These and other objects and advantages of the invention will become apparent from the following detailed description and the drawings.
FIG. 1 is an external view of a dose rate meter incorporating the features of the present invention.
FIG. 2 is a graph of Geiger-Mueller tube voltage vs. current when operating in the charge collection mode.
FIG. 3 is a circuit diagram showing how the graph of FIG. 2 was obtained.
FIG. 4 shows the response of a quartz fiber electrometer.
FIG. 5 shows the dose rate vs. current for a GM tube and a 160 cc ion chamber.
FIG. 6 is a circuit diagram of a dose rate meter built according to the teachings of the present invention.
FIG. 7 shows details of the hybrid radiation detector used in the circuit of FIG. 6.
FIG. 8 shows the scale and the indicator hairline of the electrometer.
The apparatus of FIG. 1 comprises a generally rectangular metal box 3 with a 10 position range switch 11 and a three position mode selection switch 13 mounted on one side thereof. The box 3 should be hermetically sealed. Readout is accomplished by means of a quartz or carbon fiber electrometer mounted within tube 5 which has suitable optics associated therewith and also a light emitting diode (LED) for permitting reading in darkness. The instrument has a handle 7 attached to the underside of the metal box and a lever 9 for cranking the internal generator. One energetic squeeze of the lever 9 with the switch 13 in the A or charge position is sufficient to charge up the internal power supply and permit operation of the device. In this charge mode the instrument is at its highest sensitivity regardless of the setting of the dose rate range switch 11 and the GM tube is functioning in a continuous counting mode. On looking through the electrometer tube 5, low ambient dose rates such as background radiation will cause pulsing of the electrometer hairline with each count or pulse passing through the GM tube. The dose rate can be estimated by counting the number of such pulses per unit time. One pulse per second equals one millirad per hour. Normal background radiation will produce 1 pulse per 100 seconds, approximately, depending on location. Dose rates up to 10 millirads/hr. can be estimated in this charge mode.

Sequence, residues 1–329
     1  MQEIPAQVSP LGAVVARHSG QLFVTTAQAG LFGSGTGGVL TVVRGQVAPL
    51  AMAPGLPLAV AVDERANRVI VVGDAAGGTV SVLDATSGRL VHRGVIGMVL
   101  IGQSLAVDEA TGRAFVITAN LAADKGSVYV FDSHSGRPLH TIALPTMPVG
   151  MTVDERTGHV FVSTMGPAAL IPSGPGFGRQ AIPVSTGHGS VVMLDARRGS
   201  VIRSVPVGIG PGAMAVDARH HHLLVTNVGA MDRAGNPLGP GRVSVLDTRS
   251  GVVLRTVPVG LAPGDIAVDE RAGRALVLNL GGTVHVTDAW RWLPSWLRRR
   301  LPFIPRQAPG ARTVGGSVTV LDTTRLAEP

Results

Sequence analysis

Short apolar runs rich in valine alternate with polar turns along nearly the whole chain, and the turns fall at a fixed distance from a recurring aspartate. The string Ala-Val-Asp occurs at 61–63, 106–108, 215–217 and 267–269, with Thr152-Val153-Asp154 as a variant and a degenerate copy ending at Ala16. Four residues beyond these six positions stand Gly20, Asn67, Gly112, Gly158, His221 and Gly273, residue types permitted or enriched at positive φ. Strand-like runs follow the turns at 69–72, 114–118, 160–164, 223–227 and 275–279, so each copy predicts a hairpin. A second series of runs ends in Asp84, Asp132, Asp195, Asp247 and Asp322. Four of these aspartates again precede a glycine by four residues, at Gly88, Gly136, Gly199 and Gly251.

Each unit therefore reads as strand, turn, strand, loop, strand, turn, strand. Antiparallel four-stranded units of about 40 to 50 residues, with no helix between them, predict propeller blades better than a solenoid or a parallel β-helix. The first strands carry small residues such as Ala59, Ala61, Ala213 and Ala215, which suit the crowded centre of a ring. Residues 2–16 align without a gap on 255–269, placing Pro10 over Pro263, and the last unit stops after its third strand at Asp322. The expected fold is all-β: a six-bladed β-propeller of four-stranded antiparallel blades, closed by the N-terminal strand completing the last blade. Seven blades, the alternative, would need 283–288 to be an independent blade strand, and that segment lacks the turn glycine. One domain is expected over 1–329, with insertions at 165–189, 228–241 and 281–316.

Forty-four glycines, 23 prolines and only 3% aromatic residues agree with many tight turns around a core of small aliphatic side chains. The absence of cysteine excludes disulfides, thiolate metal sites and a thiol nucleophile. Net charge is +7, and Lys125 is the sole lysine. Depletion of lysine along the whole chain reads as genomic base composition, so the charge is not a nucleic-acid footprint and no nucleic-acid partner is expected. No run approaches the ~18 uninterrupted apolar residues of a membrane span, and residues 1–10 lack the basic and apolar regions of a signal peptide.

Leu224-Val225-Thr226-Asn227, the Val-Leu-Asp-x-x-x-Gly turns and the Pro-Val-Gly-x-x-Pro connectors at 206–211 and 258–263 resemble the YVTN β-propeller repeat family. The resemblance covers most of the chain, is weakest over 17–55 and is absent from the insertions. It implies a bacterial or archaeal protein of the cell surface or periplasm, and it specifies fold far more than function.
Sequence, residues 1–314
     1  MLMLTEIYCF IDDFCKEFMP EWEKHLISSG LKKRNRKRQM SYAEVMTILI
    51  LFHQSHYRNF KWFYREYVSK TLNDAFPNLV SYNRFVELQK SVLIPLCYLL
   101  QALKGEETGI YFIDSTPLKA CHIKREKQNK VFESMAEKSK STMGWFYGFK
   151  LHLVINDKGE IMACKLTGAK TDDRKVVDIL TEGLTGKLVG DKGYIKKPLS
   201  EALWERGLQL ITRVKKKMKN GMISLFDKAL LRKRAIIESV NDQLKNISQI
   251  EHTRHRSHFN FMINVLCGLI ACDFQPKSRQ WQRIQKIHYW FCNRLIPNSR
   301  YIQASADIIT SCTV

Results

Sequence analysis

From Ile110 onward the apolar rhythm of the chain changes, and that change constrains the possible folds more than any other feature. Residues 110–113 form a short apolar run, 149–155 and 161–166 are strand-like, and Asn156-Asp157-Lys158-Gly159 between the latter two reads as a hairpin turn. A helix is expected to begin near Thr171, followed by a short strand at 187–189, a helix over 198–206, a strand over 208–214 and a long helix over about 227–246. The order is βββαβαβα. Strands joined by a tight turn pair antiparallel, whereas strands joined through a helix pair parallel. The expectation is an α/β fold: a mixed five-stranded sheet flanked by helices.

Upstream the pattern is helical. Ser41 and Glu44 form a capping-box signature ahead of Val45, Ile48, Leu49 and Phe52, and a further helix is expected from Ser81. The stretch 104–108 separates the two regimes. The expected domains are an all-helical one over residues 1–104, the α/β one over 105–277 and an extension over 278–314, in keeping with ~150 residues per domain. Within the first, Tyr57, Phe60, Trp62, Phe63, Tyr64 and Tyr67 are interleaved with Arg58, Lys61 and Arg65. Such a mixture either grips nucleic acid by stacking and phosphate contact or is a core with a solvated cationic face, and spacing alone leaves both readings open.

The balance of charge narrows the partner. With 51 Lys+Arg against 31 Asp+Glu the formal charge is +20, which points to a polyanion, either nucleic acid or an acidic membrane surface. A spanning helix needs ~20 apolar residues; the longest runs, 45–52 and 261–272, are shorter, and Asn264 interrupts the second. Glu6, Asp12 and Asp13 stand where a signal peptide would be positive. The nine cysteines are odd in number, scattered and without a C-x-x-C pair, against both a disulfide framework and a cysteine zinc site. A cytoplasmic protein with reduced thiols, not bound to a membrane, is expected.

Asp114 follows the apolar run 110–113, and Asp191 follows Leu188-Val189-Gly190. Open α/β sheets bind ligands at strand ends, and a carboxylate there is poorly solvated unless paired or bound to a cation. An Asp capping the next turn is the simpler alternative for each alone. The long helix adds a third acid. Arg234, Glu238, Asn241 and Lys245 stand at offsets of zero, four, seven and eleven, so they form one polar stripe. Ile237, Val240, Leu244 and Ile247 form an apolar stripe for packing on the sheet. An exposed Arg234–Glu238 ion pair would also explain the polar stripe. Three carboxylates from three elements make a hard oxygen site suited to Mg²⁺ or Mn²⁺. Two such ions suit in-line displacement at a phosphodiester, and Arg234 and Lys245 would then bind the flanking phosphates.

The other two modes of operation, represented by mode selection switch positions B and C are respectively the low and high sensitivity sampling and recording modes. The high sensitivity mode uses the GM tube as a charge transport device to measure dose rates from 10 millirads/hr. to 30 rads/hr., and the low sensitivity mode uses the 160 cc ion chamber as the radiation detector for ranges from 30 to 10,000 rads/hr. In both cases the radiation detector selected by switch 13 will be connected by a timing circuit to one of a number of storage capacitors determined by the setting of range selector switch 11. Thus the selected capacitor will accumulate a charge and a voltage proportional to the radiation intensity multiplied by the time during which the timing circuit is closed. This voltage is proportional to the dose rate. The sampling and recording process requires less than 1 second and the recorded capacitor voltage remains substantially fixed for several minutes during which the instrument can be read at leisure. Thus the instrument can be taken outside of a shelter or even just held outside of a door or window thereof with the operator inside, the ambient radiation sampled, and the instrument read later in the safety of the shelter.